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11 May 2022 Phenotypic plasticity of predatory mite Amblyseius orientalis in response to diet switch
Hong Yan, Bo Zhang, Zepu Li, Endong Wang, Guo-Shu Wei, Xuenong Xu
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Abstract

Phenotypic plasticity, especially the ability to switch to new dietary sources is essential to invertebrates for survival and reproduction in variable environments. Amblyseius orientalis Ehara (Acari: Phytoseiidae) is an effective predatory mite to control spider mites in orchards, whereas its preys or artificial diets used in mass rearing productions are distinct from the field pests. It's unknown if predator performance could recover immediately after diet change from rearing condition to pest management. In this study, we assessed life-history performances and predation in four populations of A. orientalis which were fed by two preys (Tetranychus urticae and Carpoglyphus lactis) in respective parental and offspring generations to evaluate the phenotypic plasticity and dietary adaptation of A. orientalis progeny. The results showed that prey species switching in two generations had great influence on predator's developmental time and longevity. The longevity of A. orientalis reduced from 32.98 to 24.22 days while parent and progeny feeding on different preys. However, the sex ratio, fecundity, prey consumptions of progeny were not different among four populations. The sex ratio of four populations of A. orientalis also showed the consistence of a female-biased trend from 1.57 to 1.75, and the lifetime reproductions were almost equivalent from 25.82 to 28.06 eggs per female. Prey consumptions were similar among A. orientalis females and changed between 21.41 to 23.23 eggs per day. Overall, our study demonstrated that A. orientalis has higher fitness plasticity and does not need long time to adapt the new diet, therefore it can be applied as an outstanding biocontrol agent in pest management after diet change from production to the field.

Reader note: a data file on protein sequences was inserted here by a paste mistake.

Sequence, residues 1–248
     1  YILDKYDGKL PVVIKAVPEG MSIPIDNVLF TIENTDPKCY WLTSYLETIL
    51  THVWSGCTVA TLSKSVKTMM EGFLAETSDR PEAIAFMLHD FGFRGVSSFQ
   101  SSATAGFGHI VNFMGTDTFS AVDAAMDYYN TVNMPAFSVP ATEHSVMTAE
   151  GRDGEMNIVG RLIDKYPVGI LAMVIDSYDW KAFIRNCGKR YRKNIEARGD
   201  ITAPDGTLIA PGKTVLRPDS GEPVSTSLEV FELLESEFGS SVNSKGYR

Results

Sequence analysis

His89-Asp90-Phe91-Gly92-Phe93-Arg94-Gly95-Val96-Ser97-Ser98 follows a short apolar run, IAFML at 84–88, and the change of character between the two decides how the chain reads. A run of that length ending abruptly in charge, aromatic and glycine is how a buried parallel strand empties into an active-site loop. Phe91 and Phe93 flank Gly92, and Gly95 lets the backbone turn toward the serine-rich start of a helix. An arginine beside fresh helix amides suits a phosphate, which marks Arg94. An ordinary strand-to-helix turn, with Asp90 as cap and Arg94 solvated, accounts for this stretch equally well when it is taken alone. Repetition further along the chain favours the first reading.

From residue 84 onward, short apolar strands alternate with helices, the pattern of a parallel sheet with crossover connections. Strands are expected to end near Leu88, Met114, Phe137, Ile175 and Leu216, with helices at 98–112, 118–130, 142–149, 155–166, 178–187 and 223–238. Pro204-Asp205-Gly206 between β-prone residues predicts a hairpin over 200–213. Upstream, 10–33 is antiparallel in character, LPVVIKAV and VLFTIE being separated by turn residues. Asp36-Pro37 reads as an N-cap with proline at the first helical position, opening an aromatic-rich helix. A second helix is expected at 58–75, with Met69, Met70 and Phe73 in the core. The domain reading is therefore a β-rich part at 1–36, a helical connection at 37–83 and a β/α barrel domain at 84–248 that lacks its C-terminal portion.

Hong Yan, Bo Zhang, Zepu Li, Endong Wang, Guo-Shu Wei, and Xuenong Xu "Phenotypic plasticity of predatory mite Amblyseius orientalis in response to diet switch," Systematic and Applied Acarology 27(6), 1098-1108, (11 May 2022). https://doi.org/10.11158/saa.27.6.9
Received: 28 December 2021; Accepted: 19 February 2022; Published: 11 May 2022
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KEYWORDS
fitness plasticity
food adaptation
life-history performances
pest Management
predatory mite
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